• Appeal to all governments to decide in limiting global warming to 1.5 degrees C;
• Appeal to all governments for a climate friendly model of development and for a binding enlargement of climate protection commitments on emerging countries;
• Appeal to all governments to lead the Kyoto Protocol to a second commitment period as of 2012 and thereby to preserve the only legally binding instrument of the UN for climate protection;
• Appeal to all industrial countries to acknowledge their historical responsibility for climate change and their obligation to protect the people affected by climate change;
• Appeal for a just, fair and transparent governance of the Green Climate Fund and its programs to ensure the decoupling of growth and development from carbon emissions in developing and fast growing economies;
• Appeal to decision makers at all levels to consider the eco-wisdom of local peoples and the right of people to participate actively.
• Finally, we propose to the FABC to suggest to the appropriate Church agency the holding of a Synod of Bishops on the theme of Creation and Climate Change. Such a Synod would demonstrate the effective concern that Pope Benedict XVI has declared: “The Church has a responsibility towards creation” (Caritas in Veritate, no. 51).

Conclusion

Our stance is one of courage and hope. Blessed Pope John Paul once famously said: “Look to the future with hope, and set out with renewed vigor to make this new millennium a time of solidarity and peace, of love for life and respect for God’s creation” (B. John Paul II, Pilgrimage to Malta, May 8, 2001).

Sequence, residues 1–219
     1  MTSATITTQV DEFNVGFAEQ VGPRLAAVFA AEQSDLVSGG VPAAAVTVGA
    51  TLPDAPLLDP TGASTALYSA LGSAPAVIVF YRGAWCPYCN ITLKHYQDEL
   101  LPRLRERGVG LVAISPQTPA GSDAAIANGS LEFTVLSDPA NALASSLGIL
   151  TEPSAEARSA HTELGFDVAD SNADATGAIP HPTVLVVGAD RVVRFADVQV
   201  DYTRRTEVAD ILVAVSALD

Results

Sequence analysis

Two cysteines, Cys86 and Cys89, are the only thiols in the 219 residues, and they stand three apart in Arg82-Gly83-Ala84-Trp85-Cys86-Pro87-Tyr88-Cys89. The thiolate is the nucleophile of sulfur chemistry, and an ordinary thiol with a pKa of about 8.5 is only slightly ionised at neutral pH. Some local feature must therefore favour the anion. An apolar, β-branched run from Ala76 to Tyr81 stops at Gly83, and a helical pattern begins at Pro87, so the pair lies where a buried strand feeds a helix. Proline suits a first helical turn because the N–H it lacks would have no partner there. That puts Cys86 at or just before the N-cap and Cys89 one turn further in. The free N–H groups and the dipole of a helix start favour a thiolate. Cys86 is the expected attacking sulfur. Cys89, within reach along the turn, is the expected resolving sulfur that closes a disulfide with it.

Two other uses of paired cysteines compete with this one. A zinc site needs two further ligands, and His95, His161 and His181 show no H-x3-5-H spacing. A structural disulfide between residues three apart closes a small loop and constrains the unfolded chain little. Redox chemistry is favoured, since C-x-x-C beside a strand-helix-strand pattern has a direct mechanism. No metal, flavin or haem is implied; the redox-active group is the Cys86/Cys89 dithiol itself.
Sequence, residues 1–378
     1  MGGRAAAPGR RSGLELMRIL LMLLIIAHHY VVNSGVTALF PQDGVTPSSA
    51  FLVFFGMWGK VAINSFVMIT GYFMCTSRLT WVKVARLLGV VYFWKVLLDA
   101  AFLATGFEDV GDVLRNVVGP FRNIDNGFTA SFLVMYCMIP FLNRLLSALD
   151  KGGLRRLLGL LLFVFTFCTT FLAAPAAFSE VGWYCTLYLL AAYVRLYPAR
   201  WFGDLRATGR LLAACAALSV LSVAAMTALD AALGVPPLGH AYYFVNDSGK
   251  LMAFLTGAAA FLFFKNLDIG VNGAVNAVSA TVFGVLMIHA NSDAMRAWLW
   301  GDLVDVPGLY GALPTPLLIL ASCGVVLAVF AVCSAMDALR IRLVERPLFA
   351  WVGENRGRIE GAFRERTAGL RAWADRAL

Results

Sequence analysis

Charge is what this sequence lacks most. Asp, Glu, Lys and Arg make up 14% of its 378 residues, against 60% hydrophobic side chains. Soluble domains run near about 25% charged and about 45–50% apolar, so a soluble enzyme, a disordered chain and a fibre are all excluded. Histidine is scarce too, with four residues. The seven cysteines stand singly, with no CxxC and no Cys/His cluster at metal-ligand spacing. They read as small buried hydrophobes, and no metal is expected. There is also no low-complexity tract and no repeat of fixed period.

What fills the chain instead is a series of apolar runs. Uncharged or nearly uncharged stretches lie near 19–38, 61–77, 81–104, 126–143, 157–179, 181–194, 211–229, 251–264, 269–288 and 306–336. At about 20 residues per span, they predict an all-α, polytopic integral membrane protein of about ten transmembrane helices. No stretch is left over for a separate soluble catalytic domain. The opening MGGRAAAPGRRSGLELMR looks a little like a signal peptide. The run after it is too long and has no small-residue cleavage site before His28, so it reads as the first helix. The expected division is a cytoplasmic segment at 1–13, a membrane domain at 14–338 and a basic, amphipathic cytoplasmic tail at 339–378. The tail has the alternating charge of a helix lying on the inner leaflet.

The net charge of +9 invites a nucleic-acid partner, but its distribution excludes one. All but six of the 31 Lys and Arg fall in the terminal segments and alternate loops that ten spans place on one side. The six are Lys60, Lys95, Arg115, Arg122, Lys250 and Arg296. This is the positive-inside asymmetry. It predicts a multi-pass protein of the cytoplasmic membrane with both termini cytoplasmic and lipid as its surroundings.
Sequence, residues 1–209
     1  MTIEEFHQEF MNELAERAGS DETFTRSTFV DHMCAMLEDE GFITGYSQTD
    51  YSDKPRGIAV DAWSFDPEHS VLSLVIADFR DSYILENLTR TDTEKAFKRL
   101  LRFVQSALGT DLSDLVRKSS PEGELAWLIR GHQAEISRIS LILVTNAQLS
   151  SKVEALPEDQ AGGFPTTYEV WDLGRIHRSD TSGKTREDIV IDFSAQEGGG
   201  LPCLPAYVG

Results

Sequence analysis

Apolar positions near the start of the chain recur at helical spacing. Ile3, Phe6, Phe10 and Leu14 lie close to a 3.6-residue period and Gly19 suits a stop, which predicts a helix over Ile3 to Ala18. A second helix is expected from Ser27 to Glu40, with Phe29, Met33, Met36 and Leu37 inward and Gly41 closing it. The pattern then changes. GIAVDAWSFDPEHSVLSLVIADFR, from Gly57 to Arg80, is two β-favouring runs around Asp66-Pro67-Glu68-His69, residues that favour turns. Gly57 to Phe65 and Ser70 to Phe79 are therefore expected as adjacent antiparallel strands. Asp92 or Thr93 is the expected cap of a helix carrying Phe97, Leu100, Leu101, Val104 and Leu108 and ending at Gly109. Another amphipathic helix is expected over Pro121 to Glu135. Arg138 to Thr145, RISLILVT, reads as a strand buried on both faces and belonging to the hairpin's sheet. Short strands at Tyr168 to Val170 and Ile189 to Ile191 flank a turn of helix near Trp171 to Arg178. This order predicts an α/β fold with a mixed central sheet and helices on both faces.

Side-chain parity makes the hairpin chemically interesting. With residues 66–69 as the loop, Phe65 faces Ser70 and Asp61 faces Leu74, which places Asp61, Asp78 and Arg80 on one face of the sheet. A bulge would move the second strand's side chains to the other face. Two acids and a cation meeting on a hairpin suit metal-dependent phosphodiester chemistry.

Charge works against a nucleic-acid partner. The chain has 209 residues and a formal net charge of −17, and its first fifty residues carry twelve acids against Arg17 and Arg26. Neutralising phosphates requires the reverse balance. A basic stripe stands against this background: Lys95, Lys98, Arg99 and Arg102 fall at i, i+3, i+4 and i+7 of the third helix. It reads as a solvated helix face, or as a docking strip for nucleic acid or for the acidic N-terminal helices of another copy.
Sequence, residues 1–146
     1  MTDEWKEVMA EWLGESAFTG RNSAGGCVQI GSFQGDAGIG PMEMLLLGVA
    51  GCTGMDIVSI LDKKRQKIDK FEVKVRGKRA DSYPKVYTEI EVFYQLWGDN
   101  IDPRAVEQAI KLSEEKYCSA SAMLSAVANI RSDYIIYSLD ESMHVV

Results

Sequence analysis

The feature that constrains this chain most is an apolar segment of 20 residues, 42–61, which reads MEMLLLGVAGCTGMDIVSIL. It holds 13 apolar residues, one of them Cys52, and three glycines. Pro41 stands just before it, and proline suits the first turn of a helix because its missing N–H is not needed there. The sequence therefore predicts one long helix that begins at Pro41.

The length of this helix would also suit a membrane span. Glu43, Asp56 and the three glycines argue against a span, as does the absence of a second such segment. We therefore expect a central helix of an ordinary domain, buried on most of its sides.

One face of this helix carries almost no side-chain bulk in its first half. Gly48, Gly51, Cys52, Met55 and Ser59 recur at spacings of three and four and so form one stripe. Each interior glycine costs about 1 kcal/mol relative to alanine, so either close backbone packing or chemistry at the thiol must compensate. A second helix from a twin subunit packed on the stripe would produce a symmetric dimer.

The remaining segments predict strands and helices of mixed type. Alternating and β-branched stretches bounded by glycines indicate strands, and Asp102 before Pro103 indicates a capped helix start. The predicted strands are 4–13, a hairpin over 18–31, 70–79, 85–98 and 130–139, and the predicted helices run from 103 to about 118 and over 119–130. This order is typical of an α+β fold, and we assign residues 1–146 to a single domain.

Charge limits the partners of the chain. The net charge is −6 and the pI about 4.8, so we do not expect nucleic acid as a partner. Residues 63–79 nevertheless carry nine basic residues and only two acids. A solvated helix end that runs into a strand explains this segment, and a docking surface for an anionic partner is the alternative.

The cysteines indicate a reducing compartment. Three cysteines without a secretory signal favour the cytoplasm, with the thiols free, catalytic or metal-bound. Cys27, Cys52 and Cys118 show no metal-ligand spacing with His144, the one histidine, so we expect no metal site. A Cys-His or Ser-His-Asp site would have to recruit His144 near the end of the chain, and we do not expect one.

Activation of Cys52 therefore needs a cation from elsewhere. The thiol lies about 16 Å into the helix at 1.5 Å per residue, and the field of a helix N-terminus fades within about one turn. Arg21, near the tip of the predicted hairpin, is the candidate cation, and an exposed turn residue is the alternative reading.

In this task for the world our inspiration and driving force is the mystery and truth of Jesus in his mission of saving, liberating, healing, and reconciling a broken world. In discipleship of Jesus, this mission to restore all things in Christ is for us a gift and task. We cooperate with the Spirit of Jesus who “renews the face of the earth.”

May God the loving Creator bless our efforts for the integrity and renewal of his creation. May Mary the humble Virgin Mother who conceived Jesus the divine reconciler of all creation accompany us in living his gift and continuing his task.

For and on behalf of the seminar participants:

+ORLANDO B. QUEVEDO, O.M.I.
Archbishop of Cotabato
Secretary General, FABC

Msgr. JOSEF SAYER
President, MISEREOR
Germany

October 20, 2011

Source: CBCP Monitor, Vol 15 No. 24 (Nov 21-Dec 4, 2011), Pastoral Concerns, B-1.

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1 comment

Lito R. Pardo April 27, 2012 - 11:09 am

This is indeed a very timely and urgent appeal to all of us.
We are mere stewards NOT owners of the world around us.
We did not inherit this world from our ancestors…
we just borrowed it from our children!